Athena Ardila departed the Weston High girls’ volleyball program as the state’s single-season (570) and career (1,642) leader in kills.
She did so despite tearing the anterior cruciate ligament in her left knee while playing club ball with Smash Volleyball at the end of her junior year. But through the rehabilitation process, she found a new passion: physical therapy.
Now a sophomore at Northeastern University, the 5-foot-11-inch Ardila continues to be a big hit on the court. In her college debut, she tallied eight kills and one block against Temple, the start of a freshman campaign in which she registered two double-doubles in kills/digs and was named to the Colonial Athletic League All-Rookie team.
This season, Ardila paces the Huskies (12-11) in total kills with 270 and has been on the court for the third-most sets on the squad.
At Weston, she was a Globe All-Scholastic playing for her father, Fabian, who is now the head coach at the Rivers School. Both her father, a club player at the University of Pittsburgh, and her mother Sarah (Franklin & Marshall College) played the game. Her father also was a resident assistant coach for the US women’s national team in 2016-17.
NU coach Ken Nichols said Ardila “continues to grow and mature as a player and it is showing in her ability to take over a match.”
Ardila took a quick break from her studies, and the court, for a chat with the Globe.
Q. What was the most valuable advice you received from your father as head coach?
A. Being patient and knowing that mistakes are going to happen. It’s what you do next with them and it’s how you evolve from playing knowing you’re going to make errors. What matters is how you overcome them.
Q. Do you feel your parents provided a boost to your volleyball game?
A. Absolutely. My family has been a volleyball family obviously throughout my entire life. Since I’ve been a kid, we’ve all been playing volleyball. We’ve lived in Massachusetts my entire life and we’d go to the Charles River and play on grass there.
Q: Any hobbies?
A: I like to cook. It’s tough being in season because I’m not really home a lot, but when I am home, my roommate Katie [Rolfe] and I will do a lot of cooking because we don’t usually get to do a lot of cooking at home. She and I really try to expand our horizons and cook some different things. We made stir fry the other day.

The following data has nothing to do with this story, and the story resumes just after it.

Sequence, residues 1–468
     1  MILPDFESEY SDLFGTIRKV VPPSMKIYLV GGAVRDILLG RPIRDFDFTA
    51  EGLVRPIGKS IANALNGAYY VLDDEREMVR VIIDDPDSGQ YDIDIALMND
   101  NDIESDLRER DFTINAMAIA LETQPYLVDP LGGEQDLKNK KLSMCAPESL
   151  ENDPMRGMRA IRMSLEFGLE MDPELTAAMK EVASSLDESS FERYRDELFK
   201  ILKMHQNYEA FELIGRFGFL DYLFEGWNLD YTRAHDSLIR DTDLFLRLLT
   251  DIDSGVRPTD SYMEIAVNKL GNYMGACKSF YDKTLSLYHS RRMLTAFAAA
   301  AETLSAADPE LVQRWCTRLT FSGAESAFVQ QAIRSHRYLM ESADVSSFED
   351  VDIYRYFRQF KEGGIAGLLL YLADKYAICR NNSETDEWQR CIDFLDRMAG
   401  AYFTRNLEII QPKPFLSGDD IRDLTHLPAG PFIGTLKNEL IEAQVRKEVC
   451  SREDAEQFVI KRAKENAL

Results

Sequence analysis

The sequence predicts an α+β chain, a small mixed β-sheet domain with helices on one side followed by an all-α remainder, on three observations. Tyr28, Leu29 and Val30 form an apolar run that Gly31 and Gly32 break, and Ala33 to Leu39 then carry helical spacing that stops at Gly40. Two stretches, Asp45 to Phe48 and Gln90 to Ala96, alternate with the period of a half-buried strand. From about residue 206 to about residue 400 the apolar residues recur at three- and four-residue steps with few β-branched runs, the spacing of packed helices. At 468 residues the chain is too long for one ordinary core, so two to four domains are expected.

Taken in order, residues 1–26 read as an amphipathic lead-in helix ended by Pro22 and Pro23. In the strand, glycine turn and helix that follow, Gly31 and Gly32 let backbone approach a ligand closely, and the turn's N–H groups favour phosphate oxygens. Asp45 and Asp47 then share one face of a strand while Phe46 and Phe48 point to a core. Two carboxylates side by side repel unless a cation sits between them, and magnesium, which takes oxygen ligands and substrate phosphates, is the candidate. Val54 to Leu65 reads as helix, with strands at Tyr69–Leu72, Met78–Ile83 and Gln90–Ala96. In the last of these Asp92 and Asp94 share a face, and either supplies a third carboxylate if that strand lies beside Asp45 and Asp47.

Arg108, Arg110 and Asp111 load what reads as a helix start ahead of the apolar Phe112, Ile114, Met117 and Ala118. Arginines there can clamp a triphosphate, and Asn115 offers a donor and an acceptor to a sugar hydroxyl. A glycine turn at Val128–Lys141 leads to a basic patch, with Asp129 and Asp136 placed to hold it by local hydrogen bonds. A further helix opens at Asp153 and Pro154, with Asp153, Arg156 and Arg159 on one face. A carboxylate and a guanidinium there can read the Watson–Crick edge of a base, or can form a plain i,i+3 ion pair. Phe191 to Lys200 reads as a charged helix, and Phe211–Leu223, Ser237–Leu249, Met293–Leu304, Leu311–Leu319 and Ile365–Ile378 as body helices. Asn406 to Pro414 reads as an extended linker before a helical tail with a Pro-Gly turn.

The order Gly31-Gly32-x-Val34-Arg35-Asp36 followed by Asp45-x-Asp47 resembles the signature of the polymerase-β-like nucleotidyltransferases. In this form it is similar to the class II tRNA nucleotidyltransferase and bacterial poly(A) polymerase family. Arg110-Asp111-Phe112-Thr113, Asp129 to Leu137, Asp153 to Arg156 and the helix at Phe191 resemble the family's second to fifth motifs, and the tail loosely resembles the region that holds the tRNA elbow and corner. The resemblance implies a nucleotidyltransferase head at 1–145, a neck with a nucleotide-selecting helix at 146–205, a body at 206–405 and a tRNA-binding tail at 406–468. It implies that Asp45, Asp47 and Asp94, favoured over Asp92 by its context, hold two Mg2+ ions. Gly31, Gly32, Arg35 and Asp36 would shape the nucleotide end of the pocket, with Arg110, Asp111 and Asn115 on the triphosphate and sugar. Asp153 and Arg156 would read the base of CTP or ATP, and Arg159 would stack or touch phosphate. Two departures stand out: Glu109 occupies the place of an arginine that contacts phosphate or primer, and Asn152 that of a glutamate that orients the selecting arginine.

Q: Where is your favorite place to eat in Boston?
A: There’s a place on campus called Amelia’s [Taqueria], which is really good. We like to go there a lot, sometimes after games. I always get a burrito there.
Q: Do you have a best friend on the team? If so, who, and how can you describe the friendship?
A: Katie Rolfe. She’s actually my roommate. We have a very competitive friendship. Last year when we first met, we were fighting for a spot on the starting lineup. I think through that competitiveness, she and I became great friends off the court and on the court. No matter what happens, I know she’s supporting me and she knows I’m supporting her. She actually — over the summer — tore her ACL, and so she and I have had similar experiences and I’ve been able to help her through that.
Q: What’s the hardest class you’ve taken at Northeastern?
A: Right now I’m taking physics. I think because my major is physical therapy, it’s trying to figure out how to use physics in a way that corresponds with physical therapy. Physics obviously [has] more math and more equations.
Q: Plans after college?
A: I want to stay with sports after I graduate — either being a physical therapist or some sort of professional on an upper-level team — whether it’d be Division 1 or a professional team — I think would be super cool. Just being able to help athletes get through injuries and tough parts of their lives. An injury is a huge setback for an athlete who is committed to a sport. Getting through that is important.
Joe Rice conducted this interview. He can be reach at email@example.com.